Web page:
Microsoft opens data compression algorithm and hardware for cloud – TechCrunch



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The amount of data currently stored by major cloud providers is staggering. It is therefore not surprising that most of them store all this information as compressed data, in one form or another, as you did if you were in zip mode. , CD-ROM and low bandwidth connections. As a rule, these systems are well-kept secrets, but today, Microsoft open source, algorithm, hardware specification and Verilog source code explaining how it compresses the data in its Azure cloud. The company contributes all this to the Open Compute Project (OCP) project.

The Zipline project, as Microsoft calls this project, provides twice the compression ratio of the standard 64 KB Zlib-L4 model. To do this, the algorithm – and its hardware implementation – has been specifically designed for the kind of big datasets that Microsoft sees in its cloud. Because the system works at the system level, there is virtually no overhead, and Microsoft says it is actually able to handle higher throughput rates and lower latency than other algorithms currently allow. reach.

Microsoft points out that it also contributes to Verilog source code for the Registry Transfer Language (RTL), which is the low-level code that makes all this possible. "RTL's contribution to this level of detail as an open source for OCP is a benchmark in the industry," writes Kushagra Vaid, general manager of Azure's hardware infrastructure. "It sets a new precedent for frictionless collaboration in the OCP ecosystem for new technologies and paves the way for silicon hardware innovation."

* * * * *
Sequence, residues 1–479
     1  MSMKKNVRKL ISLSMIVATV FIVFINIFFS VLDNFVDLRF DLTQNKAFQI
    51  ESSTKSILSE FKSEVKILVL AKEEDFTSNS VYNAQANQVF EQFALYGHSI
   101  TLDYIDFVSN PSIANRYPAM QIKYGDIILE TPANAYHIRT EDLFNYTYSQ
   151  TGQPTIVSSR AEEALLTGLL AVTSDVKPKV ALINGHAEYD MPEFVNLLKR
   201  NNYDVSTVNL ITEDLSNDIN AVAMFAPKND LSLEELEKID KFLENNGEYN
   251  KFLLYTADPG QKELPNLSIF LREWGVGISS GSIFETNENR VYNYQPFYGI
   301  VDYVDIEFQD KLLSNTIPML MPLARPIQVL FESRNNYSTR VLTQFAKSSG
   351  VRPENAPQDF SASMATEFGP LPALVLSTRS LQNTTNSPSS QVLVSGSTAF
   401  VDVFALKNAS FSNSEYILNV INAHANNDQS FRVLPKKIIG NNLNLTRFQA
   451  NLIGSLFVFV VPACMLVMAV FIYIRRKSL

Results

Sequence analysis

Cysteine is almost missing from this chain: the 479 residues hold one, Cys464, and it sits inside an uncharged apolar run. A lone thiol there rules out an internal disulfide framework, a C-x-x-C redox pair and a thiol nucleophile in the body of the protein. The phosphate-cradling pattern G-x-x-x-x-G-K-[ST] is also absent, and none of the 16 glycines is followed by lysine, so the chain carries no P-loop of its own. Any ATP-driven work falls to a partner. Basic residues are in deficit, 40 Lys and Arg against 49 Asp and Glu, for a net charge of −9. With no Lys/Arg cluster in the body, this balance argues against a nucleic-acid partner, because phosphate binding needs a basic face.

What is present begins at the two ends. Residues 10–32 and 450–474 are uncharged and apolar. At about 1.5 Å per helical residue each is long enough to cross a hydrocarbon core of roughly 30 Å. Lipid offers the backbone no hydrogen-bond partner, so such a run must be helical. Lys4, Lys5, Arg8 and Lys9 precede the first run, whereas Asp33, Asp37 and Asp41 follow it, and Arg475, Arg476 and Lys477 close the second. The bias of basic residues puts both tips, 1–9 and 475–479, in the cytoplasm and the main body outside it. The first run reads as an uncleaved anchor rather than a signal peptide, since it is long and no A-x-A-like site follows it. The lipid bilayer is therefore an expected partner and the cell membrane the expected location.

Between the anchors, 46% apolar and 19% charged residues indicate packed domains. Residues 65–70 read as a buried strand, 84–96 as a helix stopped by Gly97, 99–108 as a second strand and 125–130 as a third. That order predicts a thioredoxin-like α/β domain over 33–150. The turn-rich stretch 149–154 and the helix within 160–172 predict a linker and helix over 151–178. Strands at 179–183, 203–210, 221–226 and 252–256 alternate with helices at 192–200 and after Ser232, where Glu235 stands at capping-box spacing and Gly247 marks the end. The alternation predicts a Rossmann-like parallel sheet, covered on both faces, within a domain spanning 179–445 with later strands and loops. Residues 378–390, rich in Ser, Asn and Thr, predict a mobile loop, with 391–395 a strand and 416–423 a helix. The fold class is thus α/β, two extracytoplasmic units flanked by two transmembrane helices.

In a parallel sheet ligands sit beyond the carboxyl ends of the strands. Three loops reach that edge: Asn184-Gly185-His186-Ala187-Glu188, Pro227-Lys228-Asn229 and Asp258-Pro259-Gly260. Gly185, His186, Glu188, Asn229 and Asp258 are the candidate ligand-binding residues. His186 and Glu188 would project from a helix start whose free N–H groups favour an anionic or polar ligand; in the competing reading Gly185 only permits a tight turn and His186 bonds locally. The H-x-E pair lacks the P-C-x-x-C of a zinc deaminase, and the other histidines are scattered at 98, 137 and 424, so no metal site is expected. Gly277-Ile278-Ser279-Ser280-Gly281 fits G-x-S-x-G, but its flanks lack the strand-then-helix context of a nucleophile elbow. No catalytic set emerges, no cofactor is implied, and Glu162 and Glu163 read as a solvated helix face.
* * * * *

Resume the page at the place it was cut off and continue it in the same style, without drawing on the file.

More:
Microsoft is currently using this system in its own Azure cloud, but is now partnering with other Open Compute project partners. These partners include Intel, AMD, Ampere, Arm, Marvell, SiFive, Broadcom, Fungible, Mellanox, NGD Systems, Pure Storage, Synopsys and Cadence.

"Over time, we expect Project Zipline compression technology to end up in several market segments and usage models such as network data processing, smart SSDs, archiving systems, cloud appliances, general purpose microprocessors, IoT and advanced devices, "Vaid writes.

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